The feedback in virtual environments can be provided by adequately modifying specific objects or conditions. Five virtual environments are already provided in the biofeedback pack (beach, desert, lake, campfire, and park) where the environment light or specific objects (such as the fire in the campfire) change when physiological states change the established threshold values (see Fig. 8 as an example of physiological setting).
Indeed, the platform has been thought to stream the data in real time to obtain biofeedback as input from the biosensor, but following the same protocol (TCP/IP streaming of the physiological data), the platform can stream the data as output to any programs, including Matlab, which can be used to compute specific indices (like heart rate and heart rate variability indexes from electrocardiogram) and to classify the indexes using machine learning for affective computing . The interface with computational models using NeuroVirtual 3D has already been tested .
NeuroVirtual 3D is able to log any events in an ASCII file precisely within milliseconds (Unix timestamp) and identify specific events (trigger type, name and values). A complete log of all the coordinates and the direction vector is provided in Table 3.
Since all coordinates are available, the platform also automatically generates an environment mat with the path of navigation generated by the user (see Fig. 10).
Limitations and future directions
NeuroVirtual 3D has some limitations that should be considered. First, although it does not require software programming skills, it is not practical for novice users. Clinicians without strong computer experience might have some difficulties in manipulating the objects, images, and videos to allow them to be seen from different angles (frontal, in perspective, and from the top), which is the standard procedure involved in identifying one’s correct position within the virtual environment. An initial training period is strongly suggested, as the tasks are generally complex and expectations of easiness need to be corrected. On the other hand, triggering procedures are very easy, and they can be performed by novices. Another limitation is the inaccessibility of devices that have not been tested. In fact, even if several devices have been tested and configured within the platform, researchers are continuously excited by new ones that could be not be tested yet and still need to be configured. Even if VRPN protocol is able to easily integrate several new devices, this procedure requires experience and computer expertise. Further, even more experience is needed if VRPN is not a standard of the producers; in that case, sdk integration or tcp/ip configuration will require some complex programming skills. In this sense, further efforts in future versions of the platform will need to include and test new devices and connect technical protocols to provide a wider range of connectable devices to the platform.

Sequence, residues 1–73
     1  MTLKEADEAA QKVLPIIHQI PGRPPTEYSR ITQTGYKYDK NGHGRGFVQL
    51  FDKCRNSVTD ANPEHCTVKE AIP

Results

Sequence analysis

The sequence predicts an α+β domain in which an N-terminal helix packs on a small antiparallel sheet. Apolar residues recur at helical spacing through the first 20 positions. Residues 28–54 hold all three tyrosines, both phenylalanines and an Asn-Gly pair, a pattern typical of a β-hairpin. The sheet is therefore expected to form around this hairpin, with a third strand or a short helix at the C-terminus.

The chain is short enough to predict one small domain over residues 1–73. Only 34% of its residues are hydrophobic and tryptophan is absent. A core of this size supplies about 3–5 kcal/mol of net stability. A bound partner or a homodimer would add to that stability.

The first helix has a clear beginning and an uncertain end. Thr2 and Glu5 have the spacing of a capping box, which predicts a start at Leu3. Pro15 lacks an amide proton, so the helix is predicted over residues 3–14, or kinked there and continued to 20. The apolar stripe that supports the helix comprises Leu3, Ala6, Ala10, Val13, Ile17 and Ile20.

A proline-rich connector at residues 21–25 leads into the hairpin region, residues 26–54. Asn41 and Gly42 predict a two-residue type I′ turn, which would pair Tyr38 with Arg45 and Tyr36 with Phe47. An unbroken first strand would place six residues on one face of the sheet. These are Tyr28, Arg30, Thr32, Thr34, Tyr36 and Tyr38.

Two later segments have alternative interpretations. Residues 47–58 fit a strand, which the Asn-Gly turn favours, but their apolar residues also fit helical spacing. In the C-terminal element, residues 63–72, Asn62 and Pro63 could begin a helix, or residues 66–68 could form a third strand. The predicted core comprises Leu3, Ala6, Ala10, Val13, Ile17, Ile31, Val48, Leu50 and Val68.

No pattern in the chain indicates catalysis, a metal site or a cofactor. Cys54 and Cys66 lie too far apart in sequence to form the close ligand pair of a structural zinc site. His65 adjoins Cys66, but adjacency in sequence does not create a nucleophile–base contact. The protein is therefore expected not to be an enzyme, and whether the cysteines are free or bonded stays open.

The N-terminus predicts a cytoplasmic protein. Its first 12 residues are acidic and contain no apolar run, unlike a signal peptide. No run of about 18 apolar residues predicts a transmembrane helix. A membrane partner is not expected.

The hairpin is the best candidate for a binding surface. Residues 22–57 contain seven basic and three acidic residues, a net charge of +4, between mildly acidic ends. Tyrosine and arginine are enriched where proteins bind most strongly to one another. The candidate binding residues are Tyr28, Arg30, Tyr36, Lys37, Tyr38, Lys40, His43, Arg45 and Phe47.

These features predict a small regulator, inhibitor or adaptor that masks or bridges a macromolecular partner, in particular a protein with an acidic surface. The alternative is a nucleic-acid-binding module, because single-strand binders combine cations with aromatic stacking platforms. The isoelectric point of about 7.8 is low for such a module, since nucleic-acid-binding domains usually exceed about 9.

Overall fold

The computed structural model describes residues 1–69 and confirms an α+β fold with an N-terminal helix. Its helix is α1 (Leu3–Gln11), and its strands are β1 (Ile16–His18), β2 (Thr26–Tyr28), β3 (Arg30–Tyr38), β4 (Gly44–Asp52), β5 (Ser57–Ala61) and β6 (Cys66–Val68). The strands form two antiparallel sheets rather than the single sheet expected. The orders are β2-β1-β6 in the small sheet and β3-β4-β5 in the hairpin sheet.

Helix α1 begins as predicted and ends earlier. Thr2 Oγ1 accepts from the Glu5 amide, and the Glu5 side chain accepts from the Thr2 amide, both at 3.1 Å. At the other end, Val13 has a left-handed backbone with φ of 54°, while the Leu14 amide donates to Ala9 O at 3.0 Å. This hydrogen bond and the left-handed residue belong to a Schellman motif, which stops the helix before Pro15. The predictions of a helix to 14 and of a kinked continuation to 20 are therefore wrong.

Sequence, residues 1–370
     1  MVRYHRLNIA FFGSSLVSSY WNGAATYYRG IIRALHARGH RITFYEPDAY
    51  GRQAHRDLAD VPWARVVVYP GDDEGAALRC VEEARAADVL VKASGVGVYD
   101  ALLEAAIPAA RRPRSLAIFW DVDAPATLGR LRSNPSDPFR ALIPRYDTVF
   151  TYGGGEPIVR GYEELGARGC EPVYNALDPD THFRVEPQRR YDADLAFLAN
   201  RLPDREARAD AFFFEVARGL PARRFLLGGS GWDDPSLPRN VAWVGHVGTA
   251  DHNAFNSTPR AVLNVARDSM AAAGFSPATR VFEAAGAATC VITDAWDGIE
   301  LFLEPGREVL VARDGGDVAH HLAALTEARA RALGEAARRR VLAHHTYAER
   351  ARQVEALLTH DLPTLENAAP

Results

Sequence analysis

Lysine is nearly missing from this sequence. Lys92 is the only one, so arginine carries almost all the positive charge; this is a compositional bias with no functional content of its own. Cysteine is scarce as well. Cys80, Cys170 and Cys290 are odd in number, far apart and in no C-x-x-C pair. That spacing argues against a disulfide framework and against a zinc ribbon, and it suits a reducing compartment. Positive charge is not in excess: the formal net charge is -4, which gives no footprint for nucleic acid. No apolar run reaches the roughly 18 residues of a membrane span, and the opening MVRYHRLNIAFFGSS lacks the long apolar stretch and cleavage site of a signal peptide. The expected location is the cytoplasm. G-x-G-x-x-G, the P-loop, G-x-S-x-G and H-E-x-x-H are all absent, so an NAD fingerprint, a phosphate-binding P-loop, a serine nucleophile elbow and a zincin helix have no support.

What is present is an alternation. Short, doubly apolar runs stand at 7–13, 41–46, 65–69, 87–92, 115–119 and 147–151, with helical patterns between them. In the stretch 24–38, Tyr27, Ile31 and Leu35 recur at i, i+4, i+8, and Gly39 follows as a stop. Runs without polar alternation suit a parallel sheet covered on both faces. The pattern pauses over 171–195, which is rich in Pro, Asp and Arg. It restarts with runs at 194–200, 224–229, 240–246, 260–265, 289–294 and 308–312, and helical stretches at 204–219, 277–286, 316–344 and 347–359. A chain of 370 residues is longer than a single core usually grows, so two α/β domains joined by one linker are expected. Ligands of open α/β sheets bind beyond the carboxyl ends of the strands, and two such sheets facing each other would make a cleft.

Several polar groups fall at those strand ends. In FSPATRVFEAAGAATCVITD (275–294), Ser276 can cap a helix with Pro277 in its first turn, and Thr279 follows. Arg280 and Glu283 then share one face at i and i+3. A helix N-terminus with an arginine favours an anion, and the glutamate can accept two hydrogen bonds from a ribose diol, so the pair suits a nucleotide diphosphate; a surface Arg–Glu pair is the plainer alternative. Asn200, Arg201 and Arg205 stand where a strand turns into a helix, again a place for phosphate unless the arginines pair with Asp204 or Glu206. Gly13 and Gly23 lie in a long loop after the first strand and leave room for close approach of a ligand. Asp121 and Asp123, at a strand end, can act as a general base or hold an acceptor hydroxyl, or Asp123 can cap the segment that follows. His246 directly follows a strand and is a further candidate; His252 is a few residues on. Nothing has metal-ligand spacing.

Clinicians have several reasons to shift their virtual reality experiments to a NeuroVirtual 3D platform, but the most crucial challenge will be to achieve wider use of VR and its full potential when combined with external devices and sensors. Indeed, VR facilitates experiments that would otherwise be very difficult or impossible in real environments. The power to move, scale, and rotate objects in psychological experiments (e.g., for perception or spatial memory) or to expose participants (also patients) to certain environments that would be impossible in the real world makes VR a powerful tool for experimental manipulation, exposure, and measurement in behavioral science. The big challenge of NeuroVirtual 3D is to make this environment easy and accessible to clinicians free of charge.